Nearly a decade later, and after I have born witness to the kind of violence you cannot unsee and the kind of compassion you revere over dominance, I was standing in the cave of another Barbarossa. This one was a notorious pirate in the Mediterranean in the late 1400s. The bay in which he used to hide exists to this day and is aptly named Κλέφτικο in Greek: bay of thieves.

Κλέφτικο is a series of cliff formations on the island of Milos, Greece. Behind them, pirates used to hide to observe the shipping route to Crete. Today it is the site of sailboats and snorkels, sea urchins and sunscreen. I have always been intrigued by how history and the passage of time transform places from battlefields into tourist attractions. Two years ago, my love and I had camped in a field overlooking the Horns of Hattin in Israel. Those towering rocks had provided the backdrop for one of the fiercest battles during the Crusades. Now they are the stuff of wheat fields and hiking boots. As we pitched our tent, Elijah noted: "A crusader probably died here."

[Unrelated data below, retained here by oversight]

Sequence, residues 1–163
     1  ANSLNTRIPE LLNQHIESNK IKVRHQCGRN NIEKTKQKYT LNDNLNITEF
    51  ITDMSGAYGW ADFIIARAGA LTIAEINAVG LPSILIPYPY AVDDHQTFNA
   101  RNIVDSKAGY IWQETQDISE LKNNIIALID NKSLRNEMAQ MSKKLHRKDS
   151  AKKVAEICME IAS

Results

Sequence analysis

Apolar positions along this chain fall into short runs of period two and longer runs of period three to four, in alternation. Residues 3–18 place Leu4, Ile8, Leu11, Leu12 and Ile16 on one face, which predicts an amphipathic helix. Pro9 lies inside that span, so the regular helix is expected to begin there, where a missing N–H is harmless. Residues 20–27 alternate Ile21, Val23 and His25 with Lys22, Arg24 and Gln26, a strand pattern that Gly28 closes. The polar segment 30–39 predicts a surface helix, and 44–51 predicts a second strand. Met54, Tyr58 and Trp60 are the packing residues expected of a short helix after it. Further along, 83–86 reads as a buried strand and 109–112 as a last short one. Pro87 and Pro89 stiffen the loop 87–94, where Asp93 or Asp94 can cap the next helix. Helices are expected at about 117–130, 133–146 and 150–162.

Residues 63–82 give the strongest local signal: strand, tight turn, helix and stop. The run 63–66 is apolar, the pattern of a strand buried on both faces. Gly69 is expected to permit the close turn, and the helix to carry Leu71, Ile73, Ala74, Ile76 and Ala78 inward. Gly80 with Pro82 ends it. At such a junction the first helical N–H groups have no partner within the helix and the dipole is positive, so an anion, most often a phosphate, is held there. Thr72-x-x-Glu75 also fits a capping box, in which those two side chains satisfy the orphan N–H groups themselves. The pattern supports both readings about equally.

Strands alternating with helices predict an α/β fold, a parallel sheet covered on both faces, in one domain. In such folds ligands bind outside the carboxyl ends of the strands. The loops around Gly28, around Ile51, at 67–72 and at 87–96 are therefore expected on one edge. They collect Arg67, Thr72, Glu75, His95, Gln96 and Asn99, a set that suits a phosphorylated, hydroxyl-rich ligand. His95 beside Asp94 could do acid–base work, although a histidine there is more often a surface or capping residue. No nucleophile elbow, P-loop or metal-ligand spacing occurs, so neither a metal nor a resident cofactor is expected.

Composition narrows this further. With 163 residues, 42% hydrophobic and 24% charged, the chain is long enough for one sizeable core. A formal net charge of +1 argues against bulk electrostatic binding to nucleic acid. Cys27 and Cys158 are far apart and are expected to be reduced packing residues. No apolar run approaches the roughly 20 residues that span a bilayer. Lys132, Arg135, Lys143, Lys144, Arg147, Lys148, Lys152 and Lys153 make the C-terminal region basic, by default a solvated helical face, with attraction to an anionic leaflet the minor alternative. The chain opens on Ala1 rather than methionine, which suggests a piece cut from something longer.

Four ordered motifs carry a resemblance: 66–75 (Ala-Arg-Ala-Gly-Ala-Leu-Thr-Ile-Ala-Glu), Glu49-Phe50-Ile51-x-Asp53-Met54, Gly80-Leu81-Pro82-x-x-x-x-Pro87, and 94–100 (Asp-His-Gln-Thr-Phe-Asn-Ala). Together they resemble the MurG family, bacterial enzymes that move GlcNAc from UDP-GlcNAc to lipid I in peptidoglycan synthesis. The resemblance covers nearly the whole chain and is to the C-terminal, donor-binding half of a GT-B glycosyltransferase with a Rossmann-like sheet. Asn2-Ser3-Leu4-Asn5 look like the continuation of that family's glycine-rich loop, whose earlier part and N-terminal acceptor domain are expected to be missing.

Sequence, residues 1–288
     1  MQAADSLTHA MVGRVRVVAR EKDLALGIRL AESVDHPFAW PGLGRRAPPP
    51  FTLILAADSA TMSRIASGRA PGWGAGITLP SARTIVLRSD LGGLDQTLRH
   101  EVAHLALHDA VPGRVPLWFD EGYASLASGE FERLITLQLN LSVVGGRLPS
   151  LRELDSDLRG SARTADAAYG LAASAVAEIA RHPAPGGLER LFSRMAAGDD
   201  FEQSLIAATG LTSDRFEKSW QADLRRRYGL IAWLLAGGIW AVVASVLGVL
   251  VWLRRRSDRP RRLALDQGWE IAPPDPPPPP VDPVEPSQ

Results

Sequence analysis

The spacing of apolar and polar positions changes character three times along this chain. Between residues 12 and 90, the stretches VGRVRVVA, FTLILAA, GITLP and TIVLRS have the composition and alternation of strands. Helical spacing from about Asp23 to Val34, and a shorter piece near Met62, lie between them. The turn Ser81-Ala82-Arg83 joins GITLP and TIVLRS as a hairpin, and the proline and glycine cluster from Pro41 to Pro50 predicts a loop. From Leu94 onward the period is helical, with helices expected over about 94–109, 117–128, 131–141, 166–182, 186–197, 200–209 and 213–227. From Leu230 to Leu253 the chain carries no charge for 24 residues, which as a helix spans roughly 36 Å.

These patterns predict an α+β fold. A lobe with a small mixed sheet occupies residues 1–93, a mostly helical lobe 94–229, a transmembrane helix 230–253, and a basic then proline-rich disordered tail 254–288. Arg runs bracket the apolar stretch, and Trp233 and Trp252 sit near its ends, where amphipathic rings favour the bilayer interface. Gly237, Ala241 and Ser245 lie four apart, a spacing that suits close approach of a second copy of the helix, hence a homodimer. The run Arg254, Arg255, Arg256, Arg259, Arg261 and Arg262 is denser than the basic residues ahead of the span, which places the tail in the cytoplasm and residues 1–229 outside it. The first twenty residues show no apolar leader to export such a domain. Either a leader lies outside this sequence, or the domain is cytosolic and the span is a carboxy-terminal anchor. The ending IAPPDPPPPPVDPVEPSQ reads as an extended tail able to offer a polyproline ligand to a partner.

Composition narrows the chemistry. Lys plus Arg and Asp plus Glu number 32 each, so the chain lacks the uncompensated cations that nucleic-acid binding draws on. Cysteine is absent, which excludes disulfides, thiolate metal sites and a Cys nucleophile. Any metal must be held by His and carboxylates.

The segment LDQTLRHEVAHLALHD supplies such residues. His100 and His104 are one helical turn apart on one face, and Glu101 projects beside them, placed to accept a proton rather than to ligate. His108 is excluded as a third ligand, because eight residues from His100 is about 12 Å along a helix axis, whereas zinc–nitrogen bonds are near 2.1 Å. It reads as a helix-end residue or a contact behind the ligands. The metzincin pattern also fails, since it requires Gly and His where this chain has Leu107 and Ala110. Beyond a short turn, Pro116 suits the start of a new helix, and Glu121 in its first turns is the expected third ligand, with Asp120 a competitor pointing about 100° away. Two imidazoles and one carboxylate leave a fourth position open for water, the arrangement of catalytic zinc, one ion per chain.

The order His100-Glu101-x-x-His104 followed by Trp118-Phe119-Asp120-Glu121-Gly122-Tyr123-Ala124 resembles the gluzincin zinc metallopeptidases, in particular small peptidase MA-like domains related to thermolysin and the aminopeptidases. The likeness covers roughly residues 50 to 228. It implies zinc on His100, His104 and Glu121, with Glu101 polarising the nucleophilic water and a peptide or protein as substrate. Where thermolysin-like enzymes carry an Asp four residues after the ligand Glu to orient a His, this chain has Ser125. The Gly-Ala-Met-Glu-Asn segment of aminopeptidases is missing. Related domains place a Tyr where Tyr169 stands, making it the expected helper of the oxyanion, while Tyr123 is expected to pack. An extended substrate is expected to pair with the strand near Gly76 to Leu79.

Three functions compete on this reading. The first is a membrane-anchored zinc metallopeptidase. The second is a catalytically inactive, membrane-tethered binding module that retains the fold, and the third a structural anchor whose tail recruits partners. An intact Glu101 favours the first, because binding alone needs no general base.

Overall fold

I am currently in Mexico City and for the first time in a while, there is a TV in my room. At night, I watch images of brutality in Aleppo, Syria parade through my screen. I remember my Aleppo of the car breaking down on the Syrian highway, of the kind man in the tow truck stopping to give us a three-hour ride to safety, of him refusing our money because "you have to help a traveler." I remember leaving at dawn alone for the bus station and being shielded from street harassment by the rest of the women there who glared at any men who dared to make eyes at the foreigner traveling solo.

The tragedy is not that I have lost the ability to return there for now; it is that I am able to leave in the first place. Being a foreigner, even if you are a "conflict specialist", especially if you are a "conflict specialist", gives you a parachute. You arrive at your liberty with a return ticket that you will use when you wish or when the situation necessitates. The Aleppo I saw then came with hotel floors that were less dusty than my own body. The Aleppo I witnessed was a direct reflection of my own privilege. My ability to parachute in and out is an outcome of that same privilege. I am ensconced in another hotel room with clean floors, watching the violence from afar, thinking of those without plane tickets out of it.